Thursday, March 30, 2006


What's that word for the process by which allows for the expression of pent-up emotions? That word that is so overused by actors to the point of cliche; and yet, I want to use it because it says exactly what I want to say? Oh, yeah: cathartic.

I wrote a letter to my biological father, and the experience was very cathartic. (Hey, just like writing on a blog can be!) I experienced catharsis after writing this letter. I felt a purging of my emotions after writing of the letter. I now feel lighter and freer; expressed. Ahhhh.....

So, my biological father. There's a long story, but to sum up: he is emotionally very young and incapable of coping with the normal ups and downs of life in a healthy way. He enjoys remembering the past to the point of obliviousness of the here and now. He doesn't understand boundaries, he just does what he feels. Socially, he is awkward and had no idea how to behave around other people. He comes off as quiet, but weird-quiet.

When I was five, my parents got divorced and he didn't move past that point, emotionally. Growing up, he made me responsible for his happiness by telling me he was only happy when I came to visit (every other weekend) and then about how depressed he was. This made me feel useless because even though I was visiting, he would tell me he was depressed, and then of course I would feel it was my fault. I went home and worried about him, not knowing that this really wasn't my problem to solve. Every thing, every situation was all about him, his needs; and all of it was because he didn't know another way to be.

All of this left me feeling totally used up and sucked dry. I knew this was not right, but I had no idea how to cope with it, much less change anything. My solution as a kid was to shrink inside myself so much that what I presented to him was a shell, the real me was buried so deep inside that I dared not let her out to be exposed to that crap.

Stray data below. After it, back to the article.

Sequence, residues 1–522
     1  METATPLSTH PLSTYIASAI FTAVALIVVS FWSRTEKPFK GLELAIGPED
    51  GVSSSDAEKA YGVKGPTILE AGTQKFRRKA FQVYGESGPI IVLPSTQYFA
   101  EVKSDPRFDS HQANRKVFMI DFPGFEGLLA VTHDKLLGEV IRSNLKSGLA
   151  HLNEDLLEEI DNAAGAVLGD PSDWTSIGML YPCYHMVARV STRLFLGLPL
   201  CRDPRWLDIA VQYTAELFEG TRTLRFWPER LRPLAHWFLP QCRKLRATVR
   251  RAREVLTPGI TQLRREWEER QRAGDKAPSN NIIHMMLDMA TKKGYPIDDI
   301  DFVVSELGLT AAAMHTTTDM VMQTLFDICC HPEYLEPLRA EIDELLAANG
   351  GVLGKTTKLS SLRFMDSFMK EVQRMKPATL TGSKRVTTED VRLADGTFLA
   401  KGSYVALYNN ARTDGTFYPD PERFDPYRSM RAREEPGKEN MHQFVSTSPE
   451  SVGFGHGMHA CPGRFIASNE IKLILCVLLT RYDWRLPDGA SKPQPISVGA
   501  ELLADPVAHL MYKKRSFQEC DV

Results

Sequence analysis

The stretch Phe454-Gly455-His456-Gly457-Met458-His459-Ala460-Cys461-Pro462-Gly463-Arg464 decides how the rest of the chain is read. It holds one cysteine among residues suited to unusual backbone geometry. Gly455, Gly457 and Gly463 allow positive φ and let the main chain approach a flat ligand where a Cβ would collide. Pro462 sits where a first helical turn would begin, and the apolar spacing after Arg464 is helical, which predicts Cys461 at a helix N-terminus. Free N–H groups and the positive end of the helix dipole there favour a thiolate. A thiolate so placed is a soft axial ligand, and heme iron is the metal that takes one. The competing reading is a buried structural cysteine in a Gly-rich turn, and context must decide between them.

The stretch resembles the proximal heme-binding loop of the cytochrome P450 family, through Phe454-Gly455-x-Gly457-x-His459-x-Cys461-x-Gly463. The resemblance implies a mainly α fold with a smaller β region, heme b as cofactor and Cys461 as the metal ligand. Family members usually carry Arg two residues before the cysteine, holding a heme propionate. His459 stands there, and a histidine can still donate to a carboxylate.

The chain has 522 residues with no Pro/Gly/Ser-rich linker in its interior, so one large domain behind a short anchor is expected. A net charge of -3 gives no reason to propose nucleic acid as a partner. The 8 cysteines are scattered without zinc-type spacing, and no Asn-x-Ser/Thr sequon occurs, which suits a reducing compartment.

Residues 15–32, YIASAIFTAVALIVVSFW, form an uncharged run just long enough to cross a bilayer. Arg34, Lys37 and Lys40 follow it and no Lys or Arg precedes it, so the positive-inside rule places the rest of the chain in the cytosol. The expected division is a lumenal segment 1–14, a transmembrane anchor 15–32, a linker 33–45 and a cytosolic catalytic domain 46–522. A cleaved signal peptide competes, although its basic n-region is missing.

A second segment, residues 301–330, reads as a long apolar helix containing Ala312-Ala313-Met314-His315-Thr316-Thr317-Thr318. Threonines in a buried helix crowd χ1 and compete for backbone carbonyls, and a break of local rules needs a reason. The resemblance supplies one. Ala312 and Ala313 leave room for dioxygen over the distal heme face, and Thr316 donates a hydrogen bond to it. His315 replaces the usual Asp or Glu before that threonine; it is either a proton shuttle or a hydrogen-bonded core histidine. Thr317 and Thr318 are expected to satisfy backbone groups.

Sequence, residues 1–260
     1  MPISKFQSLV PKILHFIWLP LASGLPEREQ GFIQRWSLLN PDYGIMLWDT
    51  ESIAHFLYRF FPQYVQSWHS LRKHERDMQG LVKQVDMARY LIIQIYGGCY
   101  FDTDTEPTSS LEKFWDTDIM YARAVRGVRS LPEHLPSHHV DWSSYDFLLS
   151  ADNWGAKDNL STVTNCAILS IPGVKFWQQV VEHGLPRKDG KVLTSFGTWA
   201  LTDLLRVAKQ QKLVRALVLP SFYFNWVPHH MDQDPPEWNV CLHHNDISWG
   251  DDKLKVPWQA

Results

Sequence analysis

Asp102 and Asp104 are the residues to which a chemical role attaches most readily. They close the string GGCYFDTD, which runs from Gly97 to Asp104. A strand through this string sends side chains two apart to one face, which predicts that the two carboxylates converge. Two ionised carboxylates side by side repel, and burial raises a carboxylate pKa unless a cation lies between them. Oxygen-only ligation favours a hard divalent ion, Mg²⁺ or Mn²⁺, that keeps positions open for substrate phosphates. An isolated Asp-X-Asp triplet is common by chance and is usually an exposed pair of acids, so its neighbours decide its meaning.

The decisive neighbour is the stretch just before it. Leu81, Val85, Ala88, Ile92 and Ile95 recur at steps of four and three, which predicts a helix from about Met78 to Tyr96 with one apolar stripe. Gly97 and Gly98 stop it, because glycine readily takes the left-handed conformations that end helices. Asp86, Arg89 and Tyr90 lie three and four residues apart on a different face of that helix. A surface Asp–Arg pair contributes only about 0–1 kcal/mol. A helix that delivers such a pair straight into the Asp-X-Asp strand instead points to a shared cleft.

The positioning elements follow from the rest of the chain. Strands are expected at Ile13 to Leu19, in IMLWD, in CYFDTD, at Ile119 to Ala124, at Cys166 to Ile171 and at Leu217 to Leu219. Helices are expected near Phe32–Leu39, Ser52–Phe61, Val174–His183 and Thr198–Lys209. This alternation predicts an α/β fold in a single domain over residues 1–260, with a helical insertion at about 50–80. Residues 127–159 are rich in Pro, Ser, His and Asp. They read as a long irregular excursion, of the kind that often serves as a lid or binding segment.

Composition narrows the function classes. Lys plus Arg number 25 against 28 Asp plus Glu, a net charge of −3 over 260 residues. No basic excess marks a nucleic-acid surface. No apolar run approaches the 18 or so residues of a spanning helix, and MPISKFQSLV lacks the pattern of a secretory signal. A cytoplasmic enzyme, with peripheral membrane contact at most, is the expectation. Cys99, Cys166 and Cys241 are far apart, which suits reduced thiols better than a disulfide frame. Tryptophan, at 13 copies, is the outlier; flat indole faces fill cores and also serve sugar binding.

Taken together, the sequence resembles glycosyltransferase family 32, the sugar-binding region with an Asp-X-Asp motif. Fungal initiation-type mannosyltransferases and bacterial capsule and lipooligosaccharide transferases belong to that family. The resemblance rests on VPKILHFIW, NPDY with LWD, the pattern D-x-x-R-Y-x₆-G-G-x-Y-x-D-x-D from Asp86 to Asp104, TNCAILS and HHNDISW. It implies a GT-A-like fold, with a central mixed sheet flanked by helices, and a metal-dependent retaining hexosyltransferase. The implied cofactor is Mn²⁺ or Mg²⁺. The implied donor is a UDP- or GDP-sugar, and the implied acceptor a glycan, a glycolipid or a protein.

I didn't have any frame of reference for this. I had friends whose parents were divorced, but none of their fathers acted this way. I felt totally weird and freakish, in addition to the normal weird and freak feelings that accompany adolescence. As I grew older, I used the shell technique with other people and uncomfortable situations. I had learned a useless coping skill and incorporated it into all parts of my life.

Yes, I've had much-needed therapy, thank you very much!

I had some good weekends with him, to be sure. I have good memories. It's important to say that, because it's a fuller picture of what it was like. I think the hardest part about dealing with all of this was that it wasn't as if it was all bad. It wasn't as though he were an alcoholic, which is something that everyone knows about, and for which there is much support available. He was...socially inept and emotionally needy, where's the meetings and support groups and literature for othat? It was a problem that was hard for me to define, which was probably why it was so hard to step outside of it and to cope.

One of the most profound realizations I have had were that the things that have happened to me as a child were not my fault, and that I did the best I could with what I knew at the time. Those two things have lifted innumerable amounts of weight off my shoulders, allowing me to leave those experiences behind and move forward with a lighter heart. To articulate a problem can distance you from it. With distance a realistic perspective is gained while the pressure on yourself to act before you're ready or know what to do is relieved. Allowing yourself the space in which to explore healthier ways to manage or solve a problem is a very valuable gift to give yourself.

Anyway. I spent some years not talking to him. He didn't understand why. (Duh, dude.) But now; now there is the letter! It's short and to the point, imperious, assertive, strong, specific, not to mention way, way overdue. It feels like one of the best things I've ever written. Probably because of all that catharsis.

1 comment:

snowballinhell said...

I suspect my son knows exactly how you felt as a kid. I hope he gets past the shell stage as beautifully as you have.